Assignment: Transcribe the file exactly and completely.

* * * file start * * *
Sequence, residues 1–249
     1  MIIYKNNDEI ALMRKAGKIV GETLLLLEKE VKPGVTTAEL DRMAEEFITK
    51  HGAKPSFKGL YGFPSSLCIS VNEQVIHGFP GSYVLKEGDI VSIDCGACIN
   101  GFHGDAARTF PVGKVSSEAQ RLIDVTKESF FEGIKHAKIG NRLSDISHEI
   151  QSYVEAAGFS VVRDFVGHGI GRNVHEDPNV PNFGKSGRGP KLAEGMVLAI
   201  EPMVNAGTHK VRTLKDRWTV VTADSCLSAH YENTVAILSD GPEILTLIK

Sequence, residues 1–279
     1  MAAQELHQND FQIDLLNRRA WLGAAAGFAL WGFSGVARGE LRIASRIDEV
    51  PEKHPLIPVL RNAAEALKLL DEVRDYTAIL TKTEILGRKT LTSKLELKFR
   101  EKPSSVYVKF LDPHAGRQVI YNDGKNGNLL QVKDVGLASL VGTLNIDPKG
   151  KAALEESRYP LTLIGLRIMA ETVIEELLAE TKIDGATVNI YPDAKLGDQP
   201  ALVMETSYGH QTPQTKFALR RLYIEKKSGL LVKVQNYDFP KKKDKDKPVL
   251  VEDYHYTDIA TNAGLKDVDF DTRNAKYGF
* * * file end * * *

Sequence, residues 1–249
     1  MIIYKNNDEI ALMRKAGKIV GETLLLLEKE VKPGVTTAEL DRMAEEFITK
    51  HGAKPSFKGL YGFPSSLCIS VNEQVIHGFP GSYVLKEGDI VSIDCGACIN
   101  GFHGDAARTF PVGKVSSEAQ RLIDVTKESF FEGIKHAKIG NRLSDISHEI
   151  QSYVEAAGFS VVRDFVGHGI GRNVHEDPNV PNFGKSGRGP KLAEGMVLAI
   201  EPMVNAGTHK VRTLKDRWTV VTADSCLSAH YENTVAILSD GPEILTLIK

Sequence, residues 1–279
     1  MAAQELHQND FQIDLLNRRA WLGAAAGFAL WGFSGVARGE LRIASRIDEV
    51  PEKHPLIPVL RNAAEALKLL DEVRDYTAIL TKTEILGRKT LTSKLELKFR
   101  EKPSSVYVKF LDPHAGRQVI YNDGKNGNLL QVKDVGLASL VGTLNIDPKG
   151  KAALEESRYP LTLIGLRIMA ETVIEELLAE TKIDGATVNI YPDAKLGDQP
   201  ALVMETSYGH QTPQTKFALR RLYIEKKSGL LVKVQNYDFP KKKDKDKPVL
   251  VEDYHYTDIA TNAGLKDVDF DTRNAKYGF